Microsoft 365 Data Governance
In this course, we take a look at data governance in Microsoft 365 and what it's used for. We’ll take a look at retention labels and retention policies, covering what they are and what they do.
You'll also learn the different ways you can import data into Microsoft 365. Finally, we'll take a look at governance reports in Microsoft 365.
By the time you finish this course, you should have a good understanding of data governance in Microsoft 365.
This course is intended for those who wish to learn about the basics of Data Governance in Microsoft 365.
To get the most out of this course, you should already have some basic experience with Microsoft 365.
Welcome back! In this lesson, we’ll take a look at the different ways data can be imported for governance. We’ll touch on PST imports, network uploads, drive shipping, and importing third-party data.
In many environments, there is quite a bit of email data stored in PST files. Like any other data, this stuff needs to be governed. Many companies can tell you horror stories about legal issues they ran into by NOT governing email data.
To import PST data, you can use the import service. This allows you to bulk-import PST files into Exchange Online mailboxes. Once the data is in your Exchange Online mailboxes, you can use retention policies to manage how long that mailbox content is retained, by configuring your policies to delete the content after the retention period expires.
To get the PSTs into Office 365 so they can be imported, you can either perform a network upload, or you can use drive shipping.
When you perform a network upload, you are basically doing exactly what it says. You upload your PSTs into a temporary Azure Storage location, over the network. Once the PSTs are in the storage location in the cloud, you can use the Office 365 Import service to import them into Exchange Online mailboxes.
Now, while network uploads CAN work for most organizations, there may be times where the bandwidth necessary to upload PSTs simply isn’t there. In these cases, you can perform drive shipping. This means that you can copy your PSTs a hard drive that’s been encrypted with Bitlocker. You then send the drive to Microsoft. Once Microsoft receives drive, their datacenter people will upload the data to a temporary Azure Storage location in the Microsoft cloud – and then, like in the network upload scenario, you use the Office 365 Import service to import the data into your Exchange Online mailboxes.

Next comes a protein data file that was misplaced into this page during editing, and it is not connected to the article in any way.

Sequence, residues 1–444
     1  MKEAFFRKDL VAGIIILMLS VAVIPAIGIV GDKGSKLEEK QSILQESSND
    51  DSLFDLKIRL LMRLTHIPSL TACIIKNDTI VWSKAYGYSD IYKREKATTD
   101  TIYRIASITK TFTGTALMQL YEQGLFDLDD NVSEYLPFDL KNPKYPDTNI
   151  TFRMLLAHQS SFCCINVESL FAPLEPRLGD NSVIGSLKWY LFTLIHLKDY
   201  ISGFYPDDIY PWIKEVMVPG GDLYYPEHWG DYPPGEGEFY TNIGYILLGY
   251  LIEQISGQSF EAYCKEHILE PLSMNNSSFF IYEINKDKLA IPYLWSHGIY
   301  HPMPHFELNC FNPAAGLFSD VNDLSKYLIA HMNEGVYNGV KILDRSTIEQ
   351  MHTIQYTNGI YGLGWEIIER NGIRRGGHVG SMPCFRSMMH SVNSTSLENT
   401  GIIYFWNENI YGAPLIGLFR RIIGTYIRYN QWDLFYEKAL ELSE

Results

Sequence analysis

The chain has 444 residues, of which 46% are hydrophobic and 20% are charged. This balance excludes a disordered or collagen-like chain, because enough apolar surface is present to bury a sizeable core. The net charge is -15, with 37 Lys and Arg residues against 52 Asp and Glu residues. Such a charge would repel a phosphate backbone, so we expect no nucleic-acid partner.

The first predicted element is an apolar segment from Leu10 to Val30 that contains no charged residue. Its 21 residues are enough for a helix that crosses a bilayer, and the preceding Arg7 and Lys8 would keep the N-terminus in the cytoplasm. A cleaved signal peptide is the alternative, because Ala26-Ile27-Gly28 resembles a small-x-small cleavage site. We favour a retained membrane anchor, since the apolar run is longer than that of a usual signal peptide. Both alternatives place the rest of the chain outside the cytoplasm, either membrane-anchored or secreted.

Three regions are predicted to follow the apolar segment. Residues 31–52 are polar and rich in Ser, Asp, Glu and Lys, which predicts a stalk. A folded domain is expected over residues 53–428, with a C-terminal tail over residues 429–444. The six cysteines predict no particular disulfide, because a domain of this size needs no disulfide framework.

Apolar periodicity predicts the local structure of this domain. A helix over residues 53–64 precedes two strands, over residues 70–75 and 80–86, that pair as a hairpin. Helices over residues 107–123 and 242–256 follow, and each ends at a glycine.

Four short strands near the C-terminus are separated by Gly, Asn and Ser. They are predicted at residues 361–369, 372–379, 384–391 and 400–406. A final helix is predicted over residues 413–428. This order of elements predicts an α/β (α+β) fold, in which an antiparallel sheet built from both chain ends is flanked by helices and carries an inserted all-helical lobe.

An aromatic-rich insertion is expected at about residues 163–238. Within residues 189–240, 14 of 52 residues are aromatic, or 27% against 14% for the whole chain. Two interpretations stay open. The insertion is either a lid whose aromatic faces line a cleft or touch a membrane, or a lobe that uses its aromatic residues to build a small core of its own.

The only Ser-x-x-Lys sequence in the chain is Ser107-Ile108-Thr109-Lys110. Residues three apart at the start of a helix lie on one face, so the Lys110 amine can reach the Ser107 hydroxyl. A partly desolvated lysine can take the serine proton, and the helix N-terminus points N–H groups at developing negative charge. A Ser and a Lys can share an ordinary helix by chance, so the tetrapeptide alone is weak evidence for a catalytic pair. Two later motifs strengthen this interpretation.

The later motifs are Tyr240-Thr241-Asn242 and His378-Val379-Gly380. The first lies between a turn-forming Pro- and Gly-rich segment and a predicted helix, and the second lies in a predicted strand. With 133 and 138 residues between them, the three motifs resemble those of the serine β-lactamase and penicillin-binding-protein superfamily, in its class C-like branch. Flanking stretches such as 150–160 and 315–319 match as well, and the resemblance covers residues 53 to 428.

Now, as far as third-party data goes, you can even import and archive data from things like social media platforms, instant messaging platforms, and document collaboration platforms. This data can be pulled into Exchange Online mailboxes. Once it’s been pulled into Exchange Online mailboxes, you can govern it with Microsoft 365 compliance tools, including retention policies.
The image on your screen shows many of the third-party data sources that you can import to Microsoft 365. Notice you can import from social media platforms like Facebook business pages, LinkedIn company pages, and even Twitter. You can also import from instant messaging platforms like Yahoo Messenger and Google Talk.
You might also notice here that you can import from document collaboration platforms like Box and DropBox.
You can also import from CRM platforms and even from BlackBerry.
- Social. Facebook business pages (preview), LinkedIn company pages, Twitter (preview)
- Instant messaging. Yahoo Messenger and Google Talk
- Document collaboration. Box and DropBox
- Vertical industries. Customer Relationship Management (such as Salesforce Chatter) and Financial Services (such as Bloomberg and Thomson Reuters)
- SMS/text messaging. BlackBerry
To make these imports possible, Microsoft provides data connectors in the Microsoft 365 compliance center. For example, there is a Facebook connector you can use, a Twitter connector, a LinkedIn connector, and a connector for Instant Bloomberg and for HR data. Microsoft partners can also help organizations that need to import data from not only these sources, but others.
Tom is a 25+ year veteran of the IT industry, having worked in environments as large as 40k seats and as small as 50 seats. Throughout the course of a long an interesting career, he has built an in-depth skillset that spans numerous IT disciplines. Tom has designed and architected small, large, and global IT solutions.
In addition to the Cloud Platform and Infrastructure MCSE certification, Tom also carries several other Microsoft certifications. His ability to see things from a strategic perspective allows Tom to architect solutions that closely align with business needs.
In his spare time, Tom enjoys camping, fishing, and playing poker.